Q.You have explored slavery and enslavers deeply and personally. Do you have something you can share about how what you have learned and written has informed your perspective on race in America today?
A.The idea that we’re all related to one another — even in ways we may not know and cannot see — is profound. As this book came out I was contacted by Gayle Jessup White, an African-American woman whose oral history holds that she is a cousin on the Taylor line — a Jefferson descendant not through Hemings, but through one of Jefferson’s great-grandsons. We’ve been corresponding for months and met a few weeks ago. It was remarkable to meet her.
As I was meditating on this book, I joined a discussion group called Coming to the Table, where descendants of enslavers and the descendants of enslaved — often members of the same family — come together and talk. Meeting now and acknowledging our shared history, and talking more about the grief we all feel about the legacy of racial violence in this country, feels like an important step toward some kind of healing.
Q.You have written about white privilege and how it provides a disguise that allows white people to keep silent and take the easy way out in the face of bigotry. How do you escape?
A.Once, in a class I was teaching, I asked students to write about an experience they had of race, and a white student raised her hand and said, “But I don’t have any experiences of race.” Her firm sense of non-experience struck me. What enabled it? What purpose did it serve for her? How did she experience her non-experience? This struck me as a narrative question, a question of what Toni Morrison calls “literary imagination.” I think some white people don’t think of themselves as having race or of having experiences of learning racial codes, and some white people are terrified about talking about race or the racial codes they have learned for fear of being perceived as racist, and some white people are deeply ashamed of acknowledging racism that they have seen or heard in action, whether in their own families or in the world.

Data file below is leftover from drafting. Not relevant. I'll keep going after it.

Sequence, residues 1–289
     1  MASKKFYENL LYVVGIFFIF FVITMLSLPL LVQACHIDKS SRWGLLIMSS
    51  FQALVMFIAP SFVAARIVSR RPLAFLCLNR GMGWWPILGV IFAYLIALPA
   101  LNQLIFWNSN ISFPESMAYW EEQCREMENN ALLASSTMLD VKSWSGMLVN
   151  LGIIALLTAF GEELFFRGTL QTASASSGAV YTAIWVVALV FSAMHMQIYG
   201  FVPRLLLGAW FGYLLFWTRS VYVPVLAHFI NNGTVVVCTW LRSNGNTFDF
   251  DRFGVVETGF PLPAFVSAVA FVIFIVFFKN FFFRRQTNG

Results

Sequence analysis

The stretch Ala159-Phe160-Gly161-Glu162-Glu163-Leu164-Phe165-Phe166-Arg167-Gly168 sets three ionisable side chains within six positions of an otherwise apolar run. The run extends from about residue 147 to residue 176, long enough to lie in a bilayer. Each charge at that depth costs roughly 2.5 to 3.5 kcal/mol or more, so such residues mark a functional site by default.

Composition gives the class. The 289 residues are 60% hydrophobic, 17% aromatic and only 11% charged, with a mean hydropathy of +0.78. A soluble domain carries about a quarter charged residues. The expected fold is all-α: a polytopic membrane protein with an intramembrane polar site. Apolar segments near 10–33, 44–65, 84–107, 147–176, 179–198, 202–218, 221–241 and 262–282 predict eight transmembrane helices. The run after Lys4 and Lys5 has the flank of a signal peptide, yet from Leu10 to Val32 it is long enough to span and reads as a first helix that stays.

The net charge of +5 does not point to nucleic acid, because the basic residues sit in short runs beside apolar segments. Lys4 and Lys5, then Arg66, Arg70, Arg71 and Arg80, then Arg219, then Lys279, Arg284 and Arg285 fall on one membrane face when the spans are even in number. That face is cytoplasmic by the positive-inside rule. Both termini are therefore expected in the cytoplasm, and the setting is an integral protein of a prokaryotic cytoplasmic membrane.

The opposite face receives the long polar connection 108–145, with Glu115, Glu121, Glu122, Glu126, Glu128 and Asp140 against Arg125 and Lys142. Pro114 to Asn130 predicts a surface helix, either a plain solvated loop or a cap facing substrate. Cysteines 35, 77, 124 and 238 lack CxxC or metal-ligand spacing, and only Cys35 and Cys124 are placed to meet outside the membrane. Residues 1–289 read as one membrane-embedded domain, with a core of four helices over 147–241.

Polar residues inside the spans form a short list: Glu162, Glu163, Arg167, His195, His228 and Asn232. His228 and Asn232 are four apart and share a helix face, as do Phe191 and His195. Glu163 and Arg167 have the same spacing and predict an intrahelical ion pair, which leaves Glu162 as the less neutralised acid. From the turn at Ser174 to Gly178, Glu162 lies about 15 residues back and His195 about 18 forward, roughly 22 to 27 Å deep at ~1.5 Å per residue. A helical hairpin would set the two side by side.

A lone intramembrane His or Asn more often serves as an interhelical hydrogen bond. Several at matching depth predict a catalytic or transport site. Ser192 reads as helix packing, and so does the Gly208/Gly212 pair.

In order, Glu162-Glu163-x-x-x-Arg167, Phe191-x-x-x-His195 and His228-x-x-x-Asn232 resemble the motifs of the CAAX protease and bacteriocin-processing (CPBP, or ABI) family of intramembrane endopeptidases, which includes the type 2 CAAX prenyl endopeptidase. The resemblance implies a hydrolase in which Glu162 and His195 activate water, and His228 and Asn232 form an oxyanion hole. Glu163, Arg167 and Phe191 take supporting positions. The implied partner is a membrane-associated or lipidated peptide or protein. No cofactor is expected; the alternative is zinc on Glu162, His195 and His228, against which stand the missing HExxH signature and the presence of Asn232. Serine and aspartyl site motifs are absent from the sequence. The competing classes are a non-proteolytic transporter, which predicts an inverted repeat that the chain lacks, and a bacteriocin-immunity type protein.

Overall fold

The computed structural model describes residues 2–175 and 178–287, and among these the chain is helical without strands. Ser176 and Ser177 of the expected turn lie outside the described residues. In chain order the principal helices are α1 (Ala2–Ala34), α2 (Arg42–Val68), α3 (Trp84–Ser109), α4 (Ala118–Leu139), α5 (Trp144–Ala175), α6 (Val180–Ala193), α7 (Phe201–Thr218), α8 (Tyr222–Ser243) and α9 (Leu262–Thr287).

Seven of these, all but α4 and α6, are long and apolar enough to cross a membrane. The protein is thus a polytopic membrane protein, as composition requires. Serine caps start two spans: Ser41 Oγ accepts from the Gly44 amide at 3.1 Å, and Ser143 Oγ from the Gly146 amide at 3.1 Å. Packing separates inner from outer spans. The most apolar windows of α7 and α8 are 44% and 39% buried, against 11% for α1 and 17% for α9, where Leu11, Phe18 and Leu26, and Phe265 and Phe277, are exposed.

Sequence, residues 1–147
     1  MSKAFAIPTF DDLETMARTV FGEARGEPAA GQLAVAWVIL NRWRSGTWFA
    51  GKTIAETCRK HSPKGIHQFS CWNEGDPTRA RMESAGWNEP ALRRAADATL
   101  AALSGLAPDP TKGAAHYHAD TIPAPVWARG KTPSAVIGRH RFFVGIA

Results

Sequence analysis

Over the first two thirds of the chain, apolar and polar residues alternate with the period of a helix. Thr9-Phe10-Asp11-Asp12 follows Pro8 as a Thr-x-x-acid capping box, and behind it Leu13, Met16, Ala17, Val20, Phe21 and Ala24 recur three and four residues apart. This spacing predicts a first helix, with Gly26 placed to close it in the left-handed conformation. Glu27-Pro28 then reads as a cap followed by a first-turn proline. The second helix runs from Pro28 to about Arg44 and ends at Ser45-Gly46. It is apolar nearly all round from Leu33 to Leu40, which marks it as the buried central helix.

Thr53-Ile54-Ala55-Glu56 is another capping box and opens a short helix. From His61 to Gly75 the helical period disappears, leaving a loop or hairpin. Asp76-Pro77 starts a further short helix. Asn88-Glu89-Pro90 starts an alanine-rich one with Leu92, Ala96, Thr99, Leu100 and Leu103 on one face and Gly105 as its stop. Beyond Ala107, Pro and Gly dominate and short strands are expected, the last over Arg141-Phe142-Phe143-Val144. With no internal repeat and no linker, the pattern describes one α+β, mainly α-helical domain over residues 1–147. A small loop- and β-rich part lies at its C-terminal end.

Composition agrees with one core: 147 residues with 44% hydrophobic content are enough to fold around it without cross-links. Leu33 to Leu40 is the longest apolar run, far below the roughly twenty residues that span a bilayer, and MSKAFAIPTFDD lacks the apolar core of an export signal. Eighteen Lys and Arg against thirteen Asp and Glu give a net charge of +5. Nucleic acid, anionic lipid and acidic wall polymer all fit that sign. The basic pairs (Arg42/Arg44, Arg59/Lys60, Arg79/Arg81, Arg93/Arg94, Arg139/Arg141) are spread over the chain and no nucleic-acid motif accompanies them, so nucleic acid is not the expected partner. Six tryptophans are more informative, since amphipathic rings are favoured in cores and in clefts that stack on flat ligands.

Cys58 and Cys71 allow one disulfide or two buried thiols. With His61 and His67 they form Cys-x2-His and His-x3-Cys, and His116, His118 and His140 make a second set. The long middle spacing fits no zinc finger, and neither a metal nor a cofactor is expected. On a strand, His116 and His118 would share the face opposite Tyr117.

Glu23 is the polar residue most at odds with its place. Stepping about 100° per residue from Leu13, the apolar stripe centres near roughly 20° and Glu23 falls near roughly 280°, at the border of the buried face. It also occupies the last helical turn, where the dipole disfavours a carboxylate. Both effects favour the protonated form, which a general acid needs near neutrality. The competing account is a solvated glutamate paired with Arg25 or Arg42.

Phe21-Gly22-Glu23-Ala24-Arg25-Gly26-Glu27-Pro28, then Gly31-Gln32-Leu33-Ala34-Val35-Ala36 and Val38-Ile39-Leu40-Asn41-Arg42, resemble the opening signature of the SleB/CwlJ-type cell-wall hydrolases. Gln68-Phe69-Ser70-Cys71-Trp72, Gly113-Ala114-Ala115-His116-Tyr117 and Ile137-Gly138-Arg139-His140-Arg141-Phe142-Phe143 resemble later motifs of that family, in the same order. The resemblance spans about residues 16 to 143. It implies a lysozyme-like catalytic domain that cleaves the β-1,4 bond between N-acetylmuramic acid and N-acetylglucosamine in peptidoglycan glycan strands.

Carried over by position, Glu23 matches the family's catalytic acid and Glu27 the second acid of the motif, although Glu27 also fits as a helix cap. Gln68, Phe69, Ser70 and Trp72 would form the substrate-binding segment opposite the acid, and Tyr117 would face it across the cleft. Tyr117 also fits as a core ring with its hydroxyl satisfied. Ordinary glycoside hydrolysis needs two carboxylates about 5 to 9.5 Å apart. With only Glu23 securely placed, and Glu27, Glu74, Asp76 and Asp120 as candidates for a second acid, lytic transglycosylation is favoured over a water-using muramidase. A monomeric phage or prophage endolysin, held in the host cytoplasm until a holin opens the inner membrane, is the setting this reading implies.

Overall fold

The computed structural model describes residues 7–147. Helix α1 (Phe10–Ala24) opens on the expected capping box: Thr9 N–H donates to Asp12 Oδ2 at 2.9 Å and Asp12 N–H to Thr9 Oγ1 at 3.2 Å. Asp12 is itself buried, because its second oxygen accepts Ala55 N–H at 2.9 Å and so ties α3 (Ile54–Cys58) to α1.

Q.The poem “Virginia Pars” deals with a moment when you confront one part of your history. Would you fill in the sketch of the poem a bit more for us?
A.I have often sensed that I wasn’t going to be allowed to discuss some of this painful legacy with certain people in my family. And, as a rather wild-haired teenager out of Berkeley, Calif., I didn’t necessarily know the codes of my own Virginian tribe. I think that poem contains both a longing to belong and a sense of feeling that the codes implied by that belonging were somehow themselves challenging to me. You know — Faulkner said, “I don’t hate the South, I don’t hate it.”
Q.What is the role of the poet in today’s society?
A.Given how rushed we all are, I’m surprised we don’t all read more poetry. A good poem is compact. It might not take long to read on the page, but it can reroute your whole day.
Q.Please write a brief poem on any topic.
A.Since moving back to my hometown in California I have been noodling with California poems.
Harvest, El Cerrito, CA
Orb spiders fatten.
Hot nights: We pitch camp in the yard.
Dark on the lawn, we breathe with the suburb.
Sirens, alley frogs, refinery glow.
Between fence posts, the fig tree blackens.
Under our massive unownable redwood
our son sings in his sleep.
Somewhere inside a dishwasher beeps.
Thoreau mutters as BART trains hiss past.
Big moon, angling over rooftops.
Bennett grows still: His face is a moon,
round and full in toddler rest.
I dream the bright O of Okie, Ohlone —
old migrant eyeing our human tents.